First published August 1, 2000 - More info
(See article on pages 385–392.)
Intravital microscopy provides a direct view of the interactions of fluorescently labeled cells within the vasculature of a living animal. Using this approach, Ni and colleagues have studied the loss of endothelial cells from arterioles treated locally with ferric chloride, as well as the thrombosis and occlusion that occur in these wounded vessels. Clot formation is believed to occur in two steps, involving different platelet surface receptors and different adhesive ligands. The first, mediated by von Willebrand factor (vWF) and its receptor, slows the flow of platelets past the wounded area and activates the second receptor, the integrin αIIbβ3. This receptor binds fibrin, bringing the platelet to a halt and setting the stage for the aggregation of additional platelets onto those already bound. By means of these and other adhesive interactions, platelets in normal animals bind to, and initiate clot formation on, the wounded subendothelial tissue within minutes of denudation. Ni et al. report here that neither vWF nor fibrinogen (Fg) is strictly necessary for clot formation in this system, although clots in animals lacking Fg tend to break off from the site where they form and to cause occlusion downstream of the wounded area. Even animals deficient for both Fg and vWF can form such fragile clots, albeit with slow kinetics. The authors note that when Fg is lacking, fibronectin, another known ligand of αIIbβ3, accumulates to unusual levels in the secretory granules of platelets. They suggest that this adhesive molecule is secreted by platelets when they bind at the wounded site, thus partially compensating for the lack of Fg.
(See article on pages 439–448.)
Simons and his associates have previously reported that the biologically active peptide PR39 blocks the proteasome-dependent turnover of the regulatory protein HIF-1α. Here, these same authors identify IκBκ as another protein that is stabilized by PR39 treatment, and they provide insights into the mechanism by which these proteins escape degradation, despite undergoing ubiquitination in the normal manner. PR39, they show, binds directly to one of the subunits of the 26S proteasome, apparently interfering with its recognition of ubiquitinated IκBα. As a consequence, NF-κB is retained in the cytoplasm, where it cannot mediate the cellular response to proinflammatory signals. With respect to the NF-κB pathway, PR39 treatment is similar to other known inhibitors of the proteasome, but PR39 does not affect either the overall cellular level of proteasomal activity or the essential turnover of cell cycle regulatory proteins, and it does not appear to be toxic. Indeed, transgenic mice tolerate the constitutive expression of PR39 in their cardiac myocytes. Because they cannot induce NF-κB or its dependent genes in response to cardiac ischemia-reperfusion injury, these mice are somewhat protected from the effects of coronary ligation, suffering significantly smaller infarctions than do normal mice. The full range of cellular proteins whose degradation is blocked by PR39 is unknown, but these findings suggest that this or other substrate-specific inhibitors of proteasomal activity could be used for therapeutic purposes to influence the fate of key cell-regulatory proteins.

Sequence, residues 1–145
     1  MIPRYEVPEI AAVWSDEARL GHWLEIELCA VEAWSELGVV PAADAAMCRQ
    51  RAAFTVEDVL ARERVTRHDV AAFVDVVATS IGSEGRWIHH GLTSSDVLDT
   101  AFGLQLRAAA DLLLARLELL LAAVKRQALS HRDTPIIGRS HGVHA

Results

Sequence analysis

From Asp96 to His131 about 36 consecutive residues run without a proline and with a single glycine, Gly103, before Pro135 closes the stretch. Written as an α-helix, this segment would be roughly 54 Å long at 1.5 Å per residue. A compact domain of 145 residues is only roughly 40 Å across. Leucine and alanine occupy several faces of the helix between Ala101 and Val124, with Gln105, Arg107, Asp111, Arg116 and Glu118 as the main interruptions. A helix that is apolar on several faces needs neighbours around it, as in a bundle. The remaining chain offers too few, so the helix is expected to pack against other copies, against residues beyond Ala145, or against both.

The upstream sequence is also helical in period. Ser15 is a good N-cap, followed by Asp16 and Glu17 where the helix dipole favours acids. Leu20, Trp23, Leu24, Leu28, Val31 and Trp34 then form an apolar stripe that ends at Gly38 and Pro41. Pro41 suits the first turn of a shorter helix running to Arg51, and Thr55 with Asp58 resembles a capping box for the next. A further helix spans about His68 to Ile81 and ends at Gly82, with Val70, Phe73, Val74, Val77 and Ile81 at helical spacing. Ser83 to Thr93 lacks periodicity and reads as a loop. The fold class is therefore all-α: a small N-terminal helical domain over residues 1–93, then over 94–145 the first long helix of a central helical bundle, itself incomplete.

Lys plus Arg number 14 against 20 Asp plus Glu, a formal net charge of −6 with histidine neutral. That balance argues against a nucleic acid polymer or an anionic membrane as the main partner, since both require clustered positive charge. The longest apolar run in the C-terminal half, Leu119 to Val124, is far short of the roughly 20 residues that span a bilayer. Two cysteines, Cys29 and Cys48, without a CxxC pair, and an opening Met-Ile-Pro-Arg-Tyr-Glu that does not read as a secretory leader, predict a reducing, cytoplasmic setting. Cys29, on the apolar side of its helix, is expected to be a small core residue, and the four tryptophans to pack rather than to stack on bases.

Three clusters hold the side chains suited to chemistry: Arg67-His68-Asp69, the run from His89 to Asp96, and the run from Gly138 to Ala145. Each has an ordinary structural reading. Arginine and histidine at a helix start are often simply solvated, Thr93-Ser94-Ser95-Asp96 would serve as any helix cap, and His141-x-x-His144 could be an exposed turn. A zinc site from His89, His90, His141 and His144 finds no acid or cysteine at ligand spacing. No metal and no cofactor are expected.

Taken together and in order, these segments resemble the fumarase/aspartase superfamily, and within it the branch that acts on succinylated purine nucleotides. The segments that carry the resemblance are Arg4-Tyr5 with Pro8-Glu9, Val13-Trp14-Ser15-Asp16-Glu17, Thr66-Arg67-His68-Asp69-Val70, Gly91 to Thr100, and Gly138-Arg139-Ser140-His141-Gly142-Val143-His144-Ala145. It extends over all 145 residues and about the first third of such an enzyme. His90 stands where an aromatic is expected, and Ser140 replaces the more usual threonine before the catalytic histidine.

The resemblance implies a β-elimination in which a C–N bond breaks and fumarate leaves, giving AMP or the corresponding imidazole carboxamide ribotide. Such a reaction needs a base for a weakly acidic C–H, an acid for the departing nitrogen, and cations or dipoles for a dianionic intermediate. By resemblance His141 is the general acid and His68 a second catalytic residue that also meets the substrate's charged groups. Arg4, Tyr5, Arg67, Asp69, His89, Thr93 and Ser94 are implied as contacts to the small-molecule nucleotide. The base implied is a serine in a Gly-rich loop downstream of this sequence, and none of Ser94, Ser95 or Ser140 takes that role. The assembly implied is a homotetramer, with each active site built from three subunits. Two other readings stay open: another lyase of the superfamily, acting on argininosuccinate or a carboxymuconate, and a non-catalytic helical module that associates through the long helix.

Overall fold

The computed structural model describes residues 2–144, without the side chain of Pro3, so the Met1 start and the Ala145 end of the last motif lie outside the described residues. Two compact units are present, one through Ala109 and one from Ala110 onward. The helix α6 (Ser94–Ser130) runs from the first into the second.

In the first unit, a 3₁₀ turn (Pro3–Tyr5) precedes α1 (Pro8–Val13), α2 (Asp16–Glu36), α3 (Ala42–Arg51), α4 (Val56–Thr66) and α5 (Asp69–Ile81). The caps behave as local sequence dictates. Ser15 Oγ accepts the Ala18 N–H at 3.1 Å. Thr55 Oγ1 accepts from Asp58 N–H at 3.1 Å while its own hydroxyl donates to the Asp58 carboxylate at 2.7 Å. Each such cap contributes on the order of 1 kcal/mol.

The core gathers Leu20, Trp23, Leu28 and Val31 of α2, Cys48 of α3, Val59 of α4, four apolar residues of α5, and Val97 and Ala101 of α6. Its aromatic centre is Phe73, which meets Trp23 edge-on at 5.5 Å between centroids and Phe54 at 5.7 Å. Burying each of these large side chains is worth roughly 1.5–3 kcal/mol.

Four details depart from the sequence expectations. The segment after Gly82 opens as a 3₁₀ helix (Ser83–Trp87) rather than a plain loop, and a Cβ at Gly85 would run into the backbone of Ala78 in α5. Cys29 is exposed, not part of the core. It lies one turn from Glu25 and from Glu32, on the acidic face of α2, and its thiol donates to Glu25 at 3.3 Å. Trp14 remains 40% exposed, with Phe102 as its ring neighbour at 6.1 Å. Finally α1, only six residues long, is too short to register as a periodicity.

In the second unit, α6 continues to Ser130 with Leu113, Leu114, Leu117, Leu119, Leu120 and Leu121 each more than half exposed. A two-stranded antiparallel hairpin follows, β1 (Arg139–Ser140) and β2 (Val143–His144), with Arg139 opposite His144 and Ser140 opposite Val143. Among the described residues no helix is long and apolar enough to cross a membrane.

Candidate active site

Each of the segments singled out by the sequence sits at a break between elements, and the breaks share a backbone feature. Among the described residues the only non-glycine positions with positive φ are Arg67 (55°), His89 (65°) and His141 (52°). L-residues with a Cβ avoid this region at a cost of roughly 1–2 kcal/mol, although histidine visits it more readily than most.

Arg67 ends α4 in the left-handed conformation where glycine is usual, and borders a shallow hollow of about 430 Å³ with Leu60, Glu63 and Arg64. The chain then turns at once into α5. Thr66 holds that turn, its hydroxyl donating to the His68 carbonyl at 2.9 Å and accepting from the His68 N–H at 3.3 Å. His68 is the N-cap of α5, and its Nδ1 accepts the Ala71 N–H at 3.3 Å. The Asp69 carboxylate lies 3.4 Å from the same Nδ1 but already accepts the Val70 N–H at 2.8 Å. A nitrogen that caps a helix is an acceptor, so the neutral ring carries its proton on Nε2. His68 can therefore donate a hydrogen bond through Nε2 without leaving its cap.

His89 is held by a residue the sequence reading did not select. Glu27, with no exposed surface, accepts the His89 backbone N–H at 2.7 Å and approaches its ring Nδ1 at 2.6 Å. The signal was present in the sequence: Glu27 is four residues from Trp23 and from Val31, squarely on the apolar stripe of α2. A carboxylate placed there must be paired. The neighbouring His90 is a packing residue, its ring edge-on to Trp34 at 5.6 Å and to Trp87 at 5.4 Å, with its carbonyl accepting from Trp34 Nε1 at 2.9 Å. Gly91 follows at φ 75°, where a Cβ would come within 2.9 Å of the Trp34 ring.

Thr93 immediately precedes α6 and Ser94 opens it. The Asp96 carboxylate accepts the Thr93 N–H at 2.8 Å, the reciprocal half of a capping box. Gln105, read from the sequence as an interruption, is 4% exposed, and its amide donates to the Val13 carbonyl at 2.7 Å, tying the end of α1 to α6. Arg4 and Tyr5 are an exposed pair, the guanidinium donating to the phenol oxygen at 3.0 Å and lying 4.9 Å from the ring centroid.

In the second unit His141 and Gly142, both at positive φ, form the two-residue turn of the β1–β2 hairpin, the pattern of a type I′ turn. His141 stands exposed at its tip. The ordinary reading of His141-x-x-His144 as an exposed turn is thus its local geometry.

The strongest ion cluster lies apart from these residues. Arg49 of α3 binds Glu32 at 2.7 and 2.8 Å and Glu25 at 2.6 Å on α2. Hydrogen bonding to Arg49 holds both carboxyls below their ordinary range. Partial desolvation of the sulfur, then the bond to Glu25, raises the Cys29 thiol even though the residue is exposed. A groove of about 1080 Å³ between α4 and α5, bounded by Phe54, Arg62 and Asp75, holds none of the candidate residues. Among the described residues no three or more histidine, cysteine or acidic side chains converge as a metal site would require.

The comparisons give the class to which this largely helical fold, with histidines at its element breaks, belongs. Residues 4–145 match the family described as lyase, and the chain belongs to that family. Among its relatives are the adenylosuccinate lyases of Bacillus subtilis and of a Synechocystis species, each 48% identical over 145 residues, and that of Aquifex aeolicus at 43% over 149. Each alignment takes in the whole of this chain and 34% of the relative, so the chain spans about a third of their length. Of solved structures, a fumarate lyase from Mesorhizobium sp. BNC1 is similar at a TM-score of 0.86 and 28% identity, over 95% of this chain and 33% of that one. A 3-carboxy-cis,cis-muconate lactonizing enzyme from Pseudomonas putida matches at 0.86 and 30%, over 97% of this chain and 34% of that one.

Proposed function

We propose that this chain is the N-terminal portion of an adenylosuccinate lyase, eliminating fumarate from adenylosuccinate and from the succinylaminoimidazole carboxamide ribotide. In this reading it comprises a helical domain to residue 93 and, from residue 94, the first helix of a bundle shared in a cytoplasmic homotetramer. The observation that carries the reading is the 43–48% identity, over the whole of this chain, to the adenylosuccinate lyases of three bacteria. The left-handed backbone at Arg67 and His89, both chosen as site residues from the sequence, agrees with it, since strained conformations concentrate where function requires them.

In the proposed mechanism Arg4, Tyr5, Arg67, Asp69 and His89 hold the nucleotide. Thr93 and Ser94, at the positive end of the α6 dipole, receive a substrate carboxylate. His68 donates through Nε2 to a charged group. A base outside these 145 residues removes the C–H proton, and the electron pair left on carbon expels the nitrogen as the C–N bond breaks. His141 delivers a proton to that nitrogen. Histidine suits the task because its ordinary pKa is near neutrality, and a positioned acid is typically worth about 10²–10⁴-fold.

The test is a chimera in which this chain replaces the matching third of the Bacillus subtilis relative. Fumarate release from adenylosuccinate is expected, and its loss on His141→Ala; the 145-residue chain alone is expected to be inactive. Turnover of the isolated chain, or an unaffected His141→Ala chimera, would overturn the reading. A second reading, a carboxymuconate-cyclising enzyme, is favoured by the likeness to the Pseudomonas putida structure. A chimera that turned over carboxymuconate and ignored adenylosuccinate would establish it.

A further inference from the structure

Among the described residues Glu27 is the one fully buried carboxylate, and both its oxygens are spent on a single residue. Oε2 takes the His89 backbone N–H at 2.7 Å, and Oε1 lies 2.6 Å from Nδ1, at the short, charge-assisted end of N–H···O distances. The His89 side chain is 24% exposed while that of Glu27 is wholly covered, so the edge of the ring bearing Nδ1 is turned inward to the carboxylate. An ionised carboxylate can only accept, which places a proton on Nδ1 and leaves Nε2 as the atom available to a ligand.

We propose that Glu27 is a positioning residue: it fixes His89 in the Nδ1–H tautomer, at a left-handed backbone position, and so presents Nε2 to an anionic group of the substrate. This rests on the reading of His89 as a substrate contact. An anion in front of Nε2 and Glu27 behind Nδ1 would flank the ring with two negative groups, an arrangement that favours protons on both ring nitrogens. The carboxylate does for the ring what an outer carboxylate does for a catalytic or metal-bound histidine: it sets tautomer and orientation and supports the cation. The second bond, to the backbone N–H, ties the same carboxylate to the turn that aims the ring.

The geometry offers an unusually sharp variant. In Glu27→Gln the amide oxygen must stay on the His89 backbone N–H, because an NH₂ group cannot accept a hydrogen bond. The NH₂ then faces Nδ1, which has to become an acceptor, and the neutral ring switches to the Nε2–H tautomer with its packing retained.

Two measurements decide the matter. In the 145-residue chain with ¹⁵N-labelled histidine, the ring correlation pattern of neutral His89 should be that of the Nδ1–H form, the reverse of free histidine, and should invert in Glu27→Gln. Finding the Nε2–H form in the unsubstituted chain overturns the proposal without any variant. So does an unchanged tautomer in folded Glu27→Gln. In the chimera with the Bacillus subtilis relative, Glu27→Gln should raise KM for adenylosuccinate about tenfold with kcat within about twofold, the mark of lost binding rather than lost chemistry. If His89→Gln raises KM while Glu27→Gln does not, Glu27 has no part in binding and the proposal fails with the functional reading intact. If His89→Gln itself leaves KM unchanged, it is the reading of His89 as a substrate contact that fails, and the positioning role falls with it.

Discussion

(See article on pages R25–R29.)
Faced with increasing systolic blood pressure, the left ventricle of the heart undergoes a stereotyped morphological change in which the ventricle walls thicken, as the deposition of interstitial collagen increases and cardiac myofibrils become more massive. Left ventricular hypertrophy (LVH) can be induced consistently in wild-type mice by constricting the aorta to increase blood pressure. However, the heart appears to be poised to undergo this transition, since a wide variety of transgenes, some probably acting indirectly, predisposes mouse hearts to hypertrophy and the associated cardiomyopathy. Drug studies suggest that inhibition of angiotensin-converting enzyme blocks LVH, but the signaling pathway through which angiotensin II stimulates this process has been controversial. Senbonmatsu and coworkers now show that mice lacking the gene for the angiotensin II type 2 receptor (AT2) fail to undergo LVH, even in the face of chronic aortic constriction, and they identify a candidate mediator of this signal, the kinase p70S6k. The crucial role of AT2 is consistent with recent reports that AT1, the other major angiotensin II receptor, is not required for hypertension-induced LVH. Senbonmatsu et al. show that despite their resistance to the normal hypertrophic response, AT2- hearts maintain normal ventricular function even after aortic banding, suggesting a pathological rather than a desirable homeostatic role for LVH. If blocking hypertrophy proves benign, local inhibition of AT2 or p70S6k might be tested as a means to forestall the cardiomyopathy seen in various diseases.